Ponosov Found Guilty in Retrial, Fined $192
Date: Sunday, May 13 @ 09:42:41 PDT
Russian Prosecutors Win Retrial, Appeal Still Likely
Remember Alexander Ponosov? We were writing about him a couple of months ago. He's the school superintendent from a podunk school district in the Ural Mountains who bought computers from a reputable vendor, which turned out to have unlicensed Windows operating systems on it. Citing pressure from Microsoft and the West, the Russian government brought suit against Ponosov.
You may also recall that the court threw the case out back in February (we wrote about that here). Ponosov wished for his name to be cleared, and the prosecutors wished to retry the case anyway because, well, they don't like losing cases, so the case was retried.
This time, the State won the case, and Ponosov has been duly made an example of. The Russian government can now claim it deals harshly with software pirates, Microsoft looks duplicitous in it's insistence that it has nothing to do with this prosecution, and Ponosov loses half a month's salary, and now has a criminal record. An appeal is likely, although not guaranteed.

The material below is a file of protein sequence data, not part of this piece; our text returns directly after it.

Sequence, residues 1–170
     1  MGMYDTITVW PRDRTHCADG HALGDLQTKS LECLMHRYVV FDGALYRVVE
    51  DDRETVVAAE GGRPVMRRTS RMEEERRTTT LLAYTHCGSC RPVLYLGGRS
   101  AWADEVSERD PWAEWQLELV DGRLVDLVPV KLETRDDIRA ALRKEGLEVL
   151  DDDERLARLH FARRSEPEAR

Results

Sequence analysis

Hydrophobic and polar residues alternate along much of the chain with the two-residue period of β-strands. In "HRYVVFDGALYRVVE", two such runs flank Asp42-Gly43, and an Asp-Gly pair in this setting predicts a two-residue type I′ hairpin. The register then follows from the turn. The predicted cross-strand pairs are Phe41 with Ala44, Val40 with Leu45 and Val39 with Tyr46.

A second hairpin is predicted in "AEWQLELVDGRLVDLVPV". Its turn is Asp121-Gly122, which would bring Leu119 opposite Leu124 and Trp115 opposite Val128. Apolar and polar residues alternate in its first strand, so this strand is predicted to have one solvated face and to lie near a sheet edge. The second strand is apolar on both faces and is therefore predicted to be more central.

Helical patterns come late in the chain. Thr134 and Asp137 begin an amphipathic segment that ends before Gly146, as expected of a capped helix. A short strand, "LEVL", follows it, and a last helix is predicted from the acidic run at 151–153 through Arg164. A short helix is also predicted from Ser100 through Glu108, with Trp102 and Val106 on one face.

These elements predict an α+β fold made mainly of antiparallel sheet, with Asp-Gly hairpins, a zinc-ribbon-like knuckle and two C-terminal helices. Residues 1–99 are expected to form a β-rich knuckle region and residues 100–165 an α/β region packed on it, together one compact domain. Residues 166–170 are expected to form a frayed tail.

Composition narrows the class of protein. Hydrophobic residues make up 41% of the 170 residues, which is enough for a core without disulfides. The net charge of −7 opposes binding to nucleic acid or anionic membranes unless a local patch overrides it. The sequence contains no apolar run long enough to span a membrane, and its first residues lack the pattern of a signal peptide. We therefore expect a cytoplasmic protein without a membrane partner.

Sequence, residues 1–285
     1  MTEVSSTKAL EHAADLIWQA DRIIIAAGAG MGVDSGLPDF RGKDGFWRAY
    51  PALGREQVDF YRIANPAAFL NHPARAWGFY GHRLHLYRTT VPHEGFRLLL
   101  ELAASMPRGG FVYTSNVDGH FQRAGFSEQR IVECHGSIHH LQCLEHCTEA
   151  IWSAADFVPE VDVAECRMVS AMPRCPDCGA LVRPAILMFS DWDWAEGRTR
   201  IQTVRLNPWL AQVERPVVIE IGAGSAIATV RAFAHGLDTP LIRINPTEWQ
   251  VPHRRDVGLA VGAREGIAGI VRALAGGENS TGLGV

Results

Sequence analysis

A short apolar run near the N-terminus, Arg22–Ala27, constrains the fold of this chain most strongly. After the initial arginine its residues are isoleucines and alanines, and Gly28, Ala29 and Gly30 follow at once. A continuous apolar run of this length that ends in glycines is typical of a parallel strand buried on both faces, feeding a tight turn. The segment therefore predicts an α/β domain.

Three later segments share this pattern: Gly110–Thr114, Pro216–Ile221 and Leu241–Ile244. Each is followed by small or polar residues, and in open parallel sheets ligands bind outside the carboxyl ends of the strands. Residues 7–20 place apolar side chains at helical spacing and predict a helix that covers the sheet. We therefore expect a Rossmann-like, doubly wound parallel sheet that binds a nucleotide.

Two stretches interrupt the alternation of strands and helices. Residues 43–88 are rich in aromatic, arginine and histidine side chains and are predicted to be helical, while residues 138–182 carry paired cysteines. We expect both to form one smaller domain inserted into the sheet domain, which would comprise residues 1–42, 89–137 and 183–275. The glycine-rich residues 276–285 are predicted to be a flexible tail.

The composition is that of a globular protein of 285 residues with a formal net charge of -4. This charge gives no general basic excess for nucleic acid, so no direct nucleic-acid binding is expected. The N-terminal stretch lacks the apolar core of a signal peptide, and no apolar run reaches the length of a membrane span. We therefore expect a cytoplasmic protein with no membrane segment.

So who wins here? This cynical source of opinion thinks that this is a case of Russian revenge for the West attempting to meddle in its internal affairs, by using the letter of the law, crushing the spirit of the law, in order to show the West that it takes software piracy seriously. To say this is a black eye in Microsoft's face is an understatement. The precedent will cause many schools to abandon Microsoft in favour of Open Source solutions, which have no such problems with dodgy licenses (unless it is Microsoft selling the Linux licenses, of course). The Russian people are extremely resourceful and should never be underestimated.
If you want to read up on this case, from both Western and Eastern perspectives, consider reading this USAToday report and conversely, this Russian CNews article.